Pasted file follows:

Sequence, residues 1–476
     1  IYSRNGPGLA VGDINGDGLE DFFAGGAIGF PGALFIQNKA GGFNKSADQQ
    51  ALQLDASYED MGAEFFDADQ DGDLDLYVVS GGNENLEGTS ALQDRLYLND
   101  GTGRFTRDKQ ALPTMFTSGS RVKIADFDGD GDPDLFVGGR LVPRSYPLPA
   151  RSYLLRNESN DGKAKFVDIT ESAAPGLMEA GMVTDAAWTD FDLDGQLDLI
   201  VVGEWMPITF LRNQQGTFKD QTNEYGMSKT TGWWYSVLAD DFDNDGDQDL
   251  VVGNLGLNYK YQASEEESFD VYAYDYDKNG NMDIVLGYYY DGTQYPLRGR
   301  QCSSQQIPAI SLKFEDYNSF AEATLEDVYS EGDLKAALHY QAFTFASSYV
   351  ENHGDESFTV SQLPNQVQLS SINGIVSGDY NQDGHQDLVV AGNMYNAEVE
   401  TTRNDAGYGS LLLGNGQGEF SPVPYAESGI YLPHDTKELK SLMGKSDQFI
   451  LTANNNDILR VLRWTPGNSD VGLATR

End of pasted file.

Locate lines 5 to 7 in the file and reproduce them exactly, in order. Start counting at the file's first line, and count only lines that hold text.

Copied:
   151  RSYLLRNESN DGKAKFVDIT ESAAPGLMEA GMVTDAAWTD FDLDGQLDLI
   201  VVGEWMPITF LRNQQGTFKD QTNEYGMSKT TGWWYSVLAD DFDNDGDQDL
   251  VVGNLGLNYK YQASEEESFD VYAYDYDKNG NMDIVLGYYY DGTQYPLRGR